WAIT PLEASE: The return of shuttle Atlantis has been delayed by two days to help astronauts fix a problem on the body of the spacecraft. The shuttle which blasted off last Friday was originally scheduled to return to earth on Tuesday
HOUSTON: The return of shuttle Atlantis, which will bring back Indian-American astronaut Sunita Williams home after her six month space sojourn has been delayed by two days to help astronauts fix a problem on the body of the spacecraft.
Sunita wants more Indian food in space
24 Feb, 2007 l 2016 hrs ISTlPTI
NEW DELHI: A packet of samosas she carried with her to space having already made news, astronaut Sunita Williams on Saturday said that she would like to have more Indian food aboard the International Space Station.
Interacting with students of a Delhi school in a 'tele-bridge talk', Williams, who is half-Indian, said she was having Indian dishes like 'Sag Paneer' and 'Halwa'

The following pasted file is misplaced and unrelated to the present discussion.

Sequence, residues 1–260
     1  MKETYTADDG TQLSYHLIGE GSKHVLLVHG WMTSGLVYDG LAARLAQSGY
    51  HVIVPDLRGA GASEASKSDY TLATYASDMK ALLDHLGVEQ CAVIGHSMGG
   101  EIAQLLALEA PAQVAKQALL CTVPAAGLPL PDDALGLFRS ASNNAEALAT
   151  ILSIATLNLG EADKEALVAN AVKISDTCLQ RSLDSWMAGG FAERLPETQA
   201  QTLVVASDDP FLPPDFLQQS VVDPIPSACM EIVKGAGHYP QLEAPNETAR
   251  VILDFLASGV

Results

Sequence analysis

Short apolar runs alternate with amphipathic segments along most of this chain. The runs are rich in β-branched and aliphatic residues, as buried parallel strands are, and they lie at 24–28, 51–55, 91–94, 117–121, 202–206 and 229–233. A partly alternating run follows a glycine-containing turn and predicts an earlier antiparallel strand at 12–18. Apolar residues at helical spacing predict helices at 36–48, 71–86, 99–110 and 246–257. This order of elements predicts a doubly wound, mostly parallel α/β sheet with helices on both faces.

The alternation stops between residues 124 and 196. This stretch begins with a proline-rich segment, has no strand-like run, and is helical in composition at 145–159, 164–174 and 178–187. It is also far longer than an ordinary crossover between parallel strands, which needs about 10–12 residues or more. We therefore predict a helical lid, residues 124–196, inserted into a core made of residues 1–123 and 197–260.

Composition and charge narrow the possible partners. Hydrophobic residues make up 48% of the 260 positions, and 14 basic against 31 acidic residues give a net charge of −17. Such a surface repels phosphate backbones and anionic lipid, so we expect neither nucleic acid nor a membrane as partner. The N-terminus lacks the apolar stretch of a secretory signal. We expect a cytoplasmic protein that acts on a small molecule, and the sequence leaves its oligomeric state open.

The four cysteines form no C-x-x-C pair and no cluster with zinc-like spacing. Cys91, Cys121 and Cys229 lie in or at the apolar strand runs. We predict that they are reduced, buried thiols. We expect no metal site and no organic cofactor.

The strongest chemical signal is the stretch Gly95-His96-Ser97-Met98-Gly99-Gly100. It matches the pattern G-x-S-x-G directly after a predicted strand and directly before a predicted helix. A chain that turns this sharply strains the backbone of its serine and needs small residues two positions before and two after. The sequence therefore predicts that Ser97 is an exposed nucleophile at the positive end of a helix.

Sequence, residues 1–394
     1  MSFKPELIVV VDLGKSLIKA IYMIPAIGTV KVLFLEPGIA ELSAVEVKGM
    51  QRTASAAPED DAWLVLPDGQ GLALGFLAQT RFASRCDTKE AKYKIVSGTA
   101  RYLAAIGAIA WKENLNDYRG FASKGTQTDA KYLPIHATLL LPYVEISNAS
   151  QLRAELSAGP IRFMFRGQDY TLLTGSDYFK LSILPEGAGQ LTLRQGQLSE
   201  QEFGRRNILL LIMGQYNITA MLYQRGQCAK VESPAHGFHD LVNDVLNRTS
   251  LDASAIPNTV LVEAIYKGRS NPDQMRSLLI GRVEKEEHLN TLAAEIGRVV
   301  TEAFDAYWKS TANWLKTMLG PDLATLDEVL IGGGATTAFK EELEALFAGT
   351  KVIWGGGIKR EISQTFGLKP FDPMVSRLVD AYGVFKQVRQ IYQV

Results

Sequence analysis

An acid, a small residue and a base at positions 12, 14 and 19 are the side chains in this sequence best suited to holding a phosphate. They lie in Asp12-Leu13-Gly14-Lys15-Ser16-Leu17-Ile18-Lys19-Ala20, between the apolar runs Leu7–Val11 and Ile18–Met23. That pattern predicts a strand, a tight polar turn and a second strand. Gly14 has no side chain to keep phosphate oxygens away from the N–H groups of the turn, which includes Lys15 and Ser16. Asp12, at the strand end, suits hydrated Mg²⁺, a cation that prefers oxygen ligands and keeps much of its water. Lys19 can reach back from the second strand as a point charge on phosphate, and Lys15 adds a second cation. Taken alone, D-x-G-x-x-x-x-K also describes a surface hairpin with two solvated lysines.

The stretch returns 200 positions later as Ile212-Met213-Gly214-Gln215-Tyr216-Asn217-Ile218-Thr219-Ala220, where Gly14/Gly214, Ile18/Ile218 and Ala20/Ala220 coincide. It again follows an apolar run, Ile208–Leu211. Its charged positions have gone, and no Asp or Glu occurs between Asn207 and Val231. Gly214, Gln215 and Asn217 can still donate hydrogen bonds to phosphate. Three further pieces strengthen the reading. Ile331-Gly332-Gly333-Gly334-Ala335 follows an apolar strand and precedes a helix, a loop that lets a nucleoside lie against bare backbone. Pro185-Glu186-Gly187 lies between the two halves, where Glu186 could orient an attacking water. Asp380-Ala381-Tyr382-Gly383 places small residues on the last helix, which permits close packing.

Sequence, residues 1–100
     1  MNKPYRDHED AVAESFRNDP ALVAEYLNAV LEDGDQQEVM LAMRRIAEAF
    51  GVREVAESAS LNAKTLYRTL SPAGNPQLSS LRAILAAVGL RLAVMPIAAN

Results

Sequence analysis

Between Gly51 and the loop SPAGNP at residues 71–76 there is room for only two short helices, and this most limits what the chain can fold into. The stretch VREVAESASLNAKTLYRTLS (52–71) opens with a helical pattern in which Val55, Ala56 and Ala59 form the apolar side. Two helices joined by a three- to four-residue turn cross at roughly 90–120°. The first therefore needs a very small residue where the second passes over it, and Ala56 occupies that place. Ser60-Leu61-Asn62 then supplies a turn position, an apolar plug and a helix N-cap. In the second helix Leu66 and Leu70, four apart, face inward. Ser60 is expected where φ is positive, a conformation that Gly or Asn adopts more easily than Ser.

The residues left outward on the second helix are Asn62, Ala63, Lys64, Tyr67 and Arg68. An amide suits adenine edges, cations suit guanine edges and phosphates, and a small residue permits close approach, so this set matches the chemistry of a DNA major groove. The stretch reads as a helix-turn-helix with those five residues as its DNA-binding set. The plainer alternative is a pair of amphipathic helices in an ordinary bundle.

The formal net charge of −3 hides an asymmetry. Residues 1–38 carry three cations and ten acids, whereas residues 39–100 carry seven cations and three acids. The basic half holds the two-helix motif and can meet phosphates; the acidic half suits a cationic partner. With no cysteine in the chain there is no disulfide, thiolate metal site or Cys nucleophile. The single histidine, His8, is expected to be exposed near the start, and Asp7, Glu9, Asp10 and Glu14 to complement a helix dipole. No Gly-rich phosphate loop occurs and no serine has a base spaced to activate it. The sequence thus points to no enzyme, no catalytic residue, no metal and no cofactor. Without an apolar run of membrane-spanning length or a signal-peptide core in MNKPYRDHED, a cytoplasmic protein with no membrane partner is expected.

"But I would like to have more Indian food in space," she said responding to a question from a student on what kind of food was available at the space station.
Williams, who had carried a packet of samosas with her when she shot into space on December 11, 2006, said she would like to have more of the spicy snacks.
Among the students who interacted with the 37-year-old flight engineer were the niece and nephew of late Indian astronaut Kalpana Chawla, Akanksha and Uday.
While Akanksha asked Williams what was the most memorable part of her space sojourn, Uday asked her why only some planets have rings.
"The first time I went out the door, I saw the whole world. You could see the earth's curvature. The second time, it was at night, and you could still see a lot of lights," Williams said in response to Akanksha's query.
Scheduled to spend six months at the space station, Williams was asked a question on the effect of lack of gravity on the body, to which she said the astronauts minimised the effects of zero-gravity by exercising and their nutrition was carefully devised. The interaction with the students of Vasant Valley School lasted ten minutes.